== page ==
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What has the Tintin series taught you?

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IvanIvanovitch
Member
#1 · Posted: 8 May 2008 06:22 · Edited by: Moderator
The Tintin books are a large part of my life. Besides simply reading and enjoying them, I've accumulated quite a bit of extra knowledge from them. Here's some of what I've learned on the way:
· A full-grown gymnotus (electric eel) can stun a horse with a single discharge - Tintin and the Picaros
· To stand up for the little guy, even if you are one yourself - Prisoners of the Sun
·Â The percentage of U.235 in natural uranium - Destination Moon
· How to do away with a blackboard once it's in a leopard's stomach - Tintin in the Congo
· The distinction between the Paris and Greenwich meridians - Red Rackam's Treasure
·Â Friendship is forever - Tintin in Tibet

What about you?
tintinagalog
Member
#2 · Posted: 8 May 2008 13:14
Good idea, Ivan Ivanovich! Nice to know that you opened the thread I suppose to build up, hehehe...

Well... there are a lot of things I learned from Tintin's adventures. Thousands, to be precise. But the best lessons for me are:

1. Teamwork.
2. Bravery.
3. Survival.
4. Creativity.
5. Vigilance.
6. Open-mindedness.
7. Friendship.
cigars of the beeper
Member
#3 · Posted: 9 May 2008 00:22
I don't know about what I've learned, but there's one thing that some people might have learned from The Seven Crystal Balls which is not true: The Incas had no writing system, unlike how it is portrayed there. From that I learned that not all of the facts in Tintin are true. However, there is still much to be learned, such as good fighting moves!
Jeeves
Member
#4 · Posted: 9 May 2008 06:56
I've learned a lot from Tintin over the years. I've learned from the actual books and from books talking about the books. I've learned things from learning about Herge. I've learned things about literature, and art and culture. Tintin and my intrest in him and his world has tought me more than some of the classes I've taken in my life.
tintinagalog
Member
#5 · Posted: 9 May 2008 10:57 · Edited by: tintinagalog
cigars of the beeper
The Incas had no writing system

Hmmmn...

But I read from http://archaeology.about.com/od/qterms/qt/quipu.htm this article:

*************************************************************
Quipu (Khipu, Quipo)
Ancient Writing System of the Incas

By K. Kris Hirst


The quipu (also spelled khipu or quipo) is the only known precolumbian writing system in South America--well, perhaps writing system isn't quite the correct phrase. But quipus were clearly an information transmittal system. A quipu is essentially a group of wool and cotton strings tied together. The strings are dyed in many different colors, and they are joined together in many different manners and they have a wide variety and number of knots tied in them. Together the type of wool, the colors, the knots and the joins hold information that was once readable by several South American societies.

Quipus were a tool used by the Inca empire to communicate some kinds of information throughout the Inca Empire. When they arrived in 1532, the Spanish conquistadors viewed the quipu with great suspicion. Thousands of quipus were destroyed in the 16th century. Today there are only roughly 300 quipus which were preserved or have been discovered since that time.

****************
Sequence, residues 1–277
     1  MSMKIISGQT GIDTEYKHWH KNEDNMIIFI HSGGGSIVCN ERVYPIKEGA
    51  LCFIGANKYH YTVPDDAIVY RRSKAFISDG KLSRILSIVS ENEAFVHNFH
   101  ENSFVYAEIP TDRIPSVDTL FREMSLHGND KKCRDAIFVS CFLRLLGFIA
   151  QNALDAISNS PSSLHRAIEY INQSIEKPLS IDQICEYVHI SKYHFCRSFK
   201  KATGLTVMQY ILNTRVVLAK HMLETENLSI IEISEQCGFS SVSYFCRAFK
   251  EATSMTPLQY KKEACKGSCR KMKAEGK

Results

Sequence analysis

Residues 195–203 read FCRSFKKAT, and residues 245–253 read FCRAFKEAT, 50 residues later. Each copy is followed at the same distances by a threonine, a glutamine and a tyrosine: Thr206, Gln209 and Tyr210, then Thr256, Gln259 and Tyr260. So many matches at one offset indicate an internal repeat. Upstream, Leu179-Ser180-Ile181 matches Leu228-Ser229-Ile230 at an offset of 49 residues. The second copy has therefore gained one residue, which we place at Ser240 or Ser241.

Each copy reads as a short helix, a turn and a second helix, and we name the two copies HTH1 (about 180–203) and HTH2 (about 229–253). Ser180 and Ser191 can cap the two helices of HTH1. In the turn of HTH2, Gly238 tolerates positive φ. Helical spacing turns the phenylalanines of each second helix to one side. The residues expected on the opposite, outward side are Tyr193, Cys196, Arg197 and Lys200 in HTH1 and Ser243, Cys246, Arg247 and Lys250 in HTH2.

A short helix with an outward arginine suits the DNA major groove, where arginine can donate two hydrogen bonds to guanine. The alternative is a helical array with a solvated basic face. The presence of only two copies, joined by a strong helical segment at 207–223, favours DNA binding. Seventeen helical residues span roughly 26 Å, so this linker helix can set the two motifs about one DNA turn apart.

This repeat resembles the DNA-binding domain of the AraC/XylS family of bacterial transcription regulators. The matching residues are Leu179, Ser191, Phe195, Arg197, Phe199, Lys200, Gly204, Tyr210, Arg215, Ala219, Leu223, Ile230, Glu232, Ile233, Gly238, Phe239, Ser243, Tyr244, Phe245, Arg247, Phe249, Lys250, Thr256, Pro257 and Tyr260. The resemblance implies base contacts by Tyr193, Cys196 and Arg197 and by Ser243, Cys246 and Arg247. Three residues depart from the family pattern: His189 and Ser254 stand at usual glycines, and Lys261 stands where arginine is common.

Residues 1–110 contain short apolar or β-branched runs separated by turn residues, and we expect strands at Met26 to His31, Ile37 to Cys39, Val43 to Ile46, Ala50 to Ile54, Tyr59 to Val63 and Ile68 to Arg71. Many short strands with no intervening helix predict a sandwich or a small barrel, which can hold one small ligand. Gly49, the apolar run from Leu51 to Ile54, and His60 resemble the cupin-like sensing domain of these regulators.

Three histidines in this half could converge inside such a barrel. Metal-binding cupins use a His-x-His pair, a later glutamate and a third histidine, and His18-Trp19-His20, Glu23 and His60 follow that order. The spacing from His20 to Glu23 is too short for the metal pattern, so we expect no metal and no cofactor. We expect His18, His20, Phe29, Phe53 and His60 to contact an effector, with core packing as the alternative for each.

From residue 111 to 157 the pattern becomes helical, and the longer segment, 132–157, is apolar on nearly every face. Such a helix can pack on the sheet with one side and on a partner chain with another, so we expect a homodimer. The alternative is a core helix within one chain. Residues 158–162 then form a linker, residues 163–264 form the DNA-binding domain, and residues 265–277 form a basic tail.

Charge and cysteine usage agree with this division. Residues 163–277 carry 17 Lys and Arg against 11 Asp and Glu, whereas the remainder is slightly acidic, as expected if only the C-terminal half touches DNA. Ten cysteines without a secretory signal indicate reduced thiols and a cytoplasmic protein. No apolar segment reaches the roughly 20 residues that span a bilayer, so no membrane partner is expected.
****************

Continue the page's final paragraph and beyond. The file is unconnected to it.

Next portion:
Quipus have not yet been deciphered, but some educated guesses about what they represent have been attempted. Certainly they were used for administrative tracking of tributes. They may have represented maps of the ceque system and/or they may have been mnemonic devices to help oral historians remember ancient legends. They may even have those legends encoded in them; but the likelihood that we'll ever translate them is very small.

Quipus predate the Inca, and are known from the ChimĂș state. They may have been used by the Moche and Tiwanaku civilizations, although quipu from those societies have not as yet been discovered. The oldest known quipu was discovered at Caral, and dates to about 4600 years ago.

***********************************************************
But still, let us research further. We just can't rely solely from one reference alone.
Triskeliae
Member
#6 · Posted: 9 May 2008 17:25 · Edited by: Triskeliae
I've learned that if I get to see an unregistered plane force-landing, I won't go nearer; I'll go away ASAP. Let the pilot fix the problem! I don't want to be shot in the gut!


Joke aside, thanks to Tintin I've learned about Hergé, which made me find out more about the author, his country and history.
I've got also interested in Savate fighting.
I learned that I can use any common word in the dictionary to make an insult (courtesy of Captain Haddock!) without having to incur in dirty bad words.
I got interested in learning " L' Air des Bijoux" , Bianca Castafiore's favorite opera song.
I learned more about French pronunciation, writing and cultural expressions both with the books and the TV series. That, and much more.
cigars of the beeper
Member
#7 · Posted: 10 May 2008 01:17
tintinagalog

I am aware of the quipu, but as far as I know, it cannot be used to convey such things as what I am writing here. I think it is something more like: Storeroom 1. Contains: 15 bushels of llama wool, and 12 baskets of grain. So it was, I think, more like something for numerical data, probaly almost like binary code.

We should either start a thread about quipus, or go back to the topic, I think.
tintinagalog
Member
#8 · Posted: 11 May 2008 05:11
Thanks, beep, but I think quipus is kinda hard to decode.
Dupondt
Member
#9 · Posted: 11 May 2008 13:27
It's encouraged my desire to visit South America
Triskeliae
Member
#10 · Posted: 16 May 2008 17:00
And now I want to learn Dutch. So I ordered Tintin (Kuifje) albums in that language to teach myself.

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